But the bigger impact was in ending the taboo against renal or kidney surgery. German Gustav Simon performed the first nephrectomy on August 2, 1869 for a uretero-cutaneous fistula. While the surgery took only 40 minutes, patient Margarete Kleb's infection-riddled recuperation lasted six months. Kleb survived, exposing her incision in one of medicine's best known illustrations.
Nephrectomies for stone disease didn't catch on immediately. Physicians were handicapped by infections, insufficient diagnostic tests and limited knowledge of physiology or renal function. Simon's first nephrectomy for stones in 1871, for instance, ended with his patient's death from sepsis.
Yet, outcomes improved as X-rays and the cystoscope allowed urologists to locate calculi and visualize procedures. Surgery became well-established because of better techniques, a fuller understanding of anatomy and the advent of antiseptics and antibiotics.
By the 1970s, however, less-invasive techniques overtook open operations, with "big" stone surgeries involving gentler percutaneous approaches. Dr Arthur Smith would usher in the new field of “endourology,” a term he would coin to describe a closed, controlled manipulation of the genitourinary tract. Today, kidney stone patients, should they require surgery, experience smaller incisions, shorter hospital stays and smoother recoveries.
Another remarkable breakthrough is the development of extracorporeal shock wave lithotripsy, (ESWL). Pioneered by Dr Christian Chaussy in the early 1980s, ESWL utilized shock waves traveling through water and soft tissue to crumble the targeted calculus into sand-like particles that are flushed out naturally.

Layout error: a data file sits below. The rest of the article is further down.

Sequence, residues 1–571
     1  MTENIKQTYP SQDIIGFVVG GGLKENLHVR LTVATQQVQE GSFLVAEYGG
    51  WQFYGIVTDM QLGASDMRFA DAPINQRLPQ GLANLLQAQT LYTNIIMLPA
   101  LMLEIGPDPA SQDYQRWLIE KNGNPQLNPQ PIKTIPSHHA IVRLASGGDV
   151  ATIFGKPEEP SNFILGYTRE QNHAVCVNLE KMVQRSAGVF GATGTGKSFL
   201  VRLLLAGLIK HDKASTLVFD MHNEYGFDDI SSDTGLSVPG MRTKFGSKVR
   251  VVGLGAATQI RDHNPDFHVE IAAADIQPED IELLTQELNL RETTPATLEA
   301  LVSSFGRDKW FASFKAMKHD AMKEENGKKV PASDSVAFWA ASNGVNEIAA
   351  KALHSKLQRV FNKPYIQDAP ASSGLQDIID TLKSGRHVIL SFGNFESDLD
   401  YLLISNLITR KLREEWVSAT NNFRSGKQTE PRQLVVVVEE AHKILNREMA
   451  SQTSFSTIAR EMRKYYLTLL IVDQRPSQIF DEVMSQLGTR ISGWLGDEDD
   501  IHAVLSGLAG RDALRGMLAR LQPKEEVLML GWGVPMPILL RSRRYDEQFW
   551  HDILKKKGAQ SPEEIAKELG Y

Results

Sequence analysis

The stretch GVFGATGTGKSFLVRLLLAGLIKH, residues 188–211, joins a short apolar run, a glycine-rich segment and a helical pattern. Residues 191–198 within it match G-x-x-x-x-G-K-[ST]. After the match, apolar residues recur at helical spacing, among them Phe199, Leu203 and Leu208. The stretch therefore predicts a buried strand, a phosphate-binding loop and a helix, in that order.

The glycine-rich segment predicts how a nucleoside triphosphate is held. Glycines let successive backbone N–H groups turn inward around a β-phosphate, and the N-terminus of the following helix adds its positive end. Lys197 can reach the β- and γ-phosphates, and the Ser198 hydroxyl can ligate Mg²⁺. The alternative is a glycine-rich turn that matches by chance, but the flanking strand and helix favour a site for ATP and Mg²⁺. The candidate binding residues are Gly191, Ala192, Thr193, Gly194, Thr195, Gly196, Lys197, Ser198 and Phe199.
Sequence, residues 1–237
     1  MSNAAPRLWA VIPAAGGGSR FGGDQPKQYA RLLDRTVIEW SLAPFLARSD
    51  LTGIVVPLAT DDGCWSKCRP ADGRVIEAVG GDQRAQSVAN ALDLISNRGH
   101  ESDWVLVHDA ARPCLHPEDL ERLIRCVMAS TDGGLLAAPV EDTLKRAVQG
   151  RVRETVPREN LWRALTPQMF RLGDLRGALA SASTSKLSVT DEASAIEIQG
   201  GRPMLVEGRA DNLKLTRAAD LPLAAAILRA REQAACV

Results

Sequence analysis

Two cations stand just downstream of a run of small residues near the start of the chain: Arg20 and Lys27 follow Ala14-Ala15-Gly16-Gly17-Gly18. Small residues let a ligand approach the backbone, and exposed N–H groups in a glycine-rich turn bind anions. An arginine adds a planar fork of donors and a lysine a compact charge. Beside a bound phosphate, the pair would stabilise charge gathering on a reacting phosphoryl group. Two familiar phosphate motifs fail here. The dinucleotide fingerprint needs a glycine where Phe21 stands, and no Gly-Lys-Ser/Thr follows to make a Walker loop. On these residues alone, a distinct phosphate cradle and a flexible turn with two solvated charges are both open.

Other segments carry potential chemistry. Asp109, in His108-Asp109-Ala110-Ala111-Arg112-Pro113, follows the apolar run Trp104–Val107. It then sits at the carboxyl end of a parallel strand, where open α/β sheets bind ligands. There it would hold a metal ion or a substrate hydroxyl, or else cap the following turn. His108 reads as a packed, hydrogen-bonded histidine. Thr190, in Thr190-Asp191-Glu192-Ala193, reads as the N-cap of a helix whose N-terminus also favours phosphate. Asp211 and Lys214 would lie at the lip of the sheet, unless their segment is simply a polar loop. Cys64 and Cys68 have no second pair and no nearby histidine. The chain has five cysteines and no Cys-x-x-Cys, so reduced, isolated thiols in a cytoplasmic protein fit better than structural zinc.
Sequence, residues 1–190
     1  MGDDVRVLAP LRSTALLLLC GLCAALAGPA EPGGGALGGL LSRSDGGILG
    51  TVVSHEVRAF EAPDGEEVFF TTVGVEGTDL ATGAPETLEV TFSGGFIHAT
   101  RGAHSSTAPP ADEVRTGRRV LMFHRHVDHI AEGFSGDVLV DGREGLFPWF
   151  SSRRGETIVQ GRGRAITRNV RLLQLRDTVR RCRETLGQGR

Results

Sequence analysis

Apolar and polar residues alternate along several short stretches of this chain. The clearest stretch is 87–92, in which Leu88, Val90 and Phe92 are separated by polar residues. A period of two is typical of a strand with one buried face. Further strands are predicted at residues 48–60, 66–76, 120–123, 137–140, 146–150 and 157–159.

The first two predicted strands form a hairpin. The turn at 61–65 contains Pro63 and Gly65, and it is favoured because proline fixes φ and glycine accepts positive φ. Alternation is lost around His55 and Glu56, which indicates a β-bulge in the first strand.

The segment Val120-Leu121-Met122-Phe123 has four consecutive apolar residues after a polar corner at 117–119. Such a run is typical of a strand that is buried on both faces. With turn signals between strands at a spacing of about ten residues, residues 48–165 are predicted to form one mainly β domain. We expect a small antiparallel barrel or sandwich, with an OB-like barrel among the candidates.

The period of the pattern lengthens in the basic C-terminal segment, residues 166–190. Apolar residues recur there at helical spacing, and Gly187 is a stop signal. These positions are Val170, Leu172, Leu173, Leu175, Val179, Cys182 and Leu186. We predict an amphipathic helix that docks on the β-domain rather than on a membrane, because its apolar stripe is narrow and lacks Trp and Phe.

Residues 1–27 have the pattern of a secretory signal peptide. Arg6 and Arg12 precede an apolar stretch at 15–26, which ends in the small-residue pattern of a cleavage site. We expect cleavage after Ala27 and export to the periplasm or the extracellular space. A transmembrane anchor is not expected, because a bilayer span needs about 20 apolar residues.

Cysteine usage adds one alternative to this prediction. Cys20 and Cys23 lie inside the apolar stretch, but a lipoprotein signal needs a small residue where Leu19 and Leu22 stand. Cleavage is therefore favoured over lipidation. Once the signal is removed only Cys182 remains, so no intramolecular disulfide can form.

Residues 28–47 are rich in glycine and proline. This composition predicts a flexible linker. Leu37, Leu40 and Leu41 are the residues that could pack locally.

Though ESWL remains a well-tolerated outpatient procedure, it is not the only approach to stone treatment. Ureteroscopy has allowed us to traverse the ureter to treat both ureteral and renal stones. Since the 1980s, ultrasound, laser and electrohydraulic lithotripsy have allowed great versatility in targeting calculi, based on size and site. Unlike ESWL, these modes require energy-transmitting probes to make contact with stones.
Advancements in optics, from the evolution of rigid glass lens scopes to the introduction of fiberoptics in the 1960s to the development of charged couple devices (CCDs), helped to further miniaturize the instruments used to treat stones. While advancements in radiology, from the development of fluoroscopy for intraoperative navigation and computed tomography for preoperative planning and diagnosis, also played significant roles in allowing urologists to better treat stone disease.
While research continues, urologists have ever-evolving techniques to make calculi successfully treatable. Even more comforting is the fact that today's options are light years from those early lithotomists and their "cutting for the stone."
Rainer Engel, MD
Sutchin Patel, MD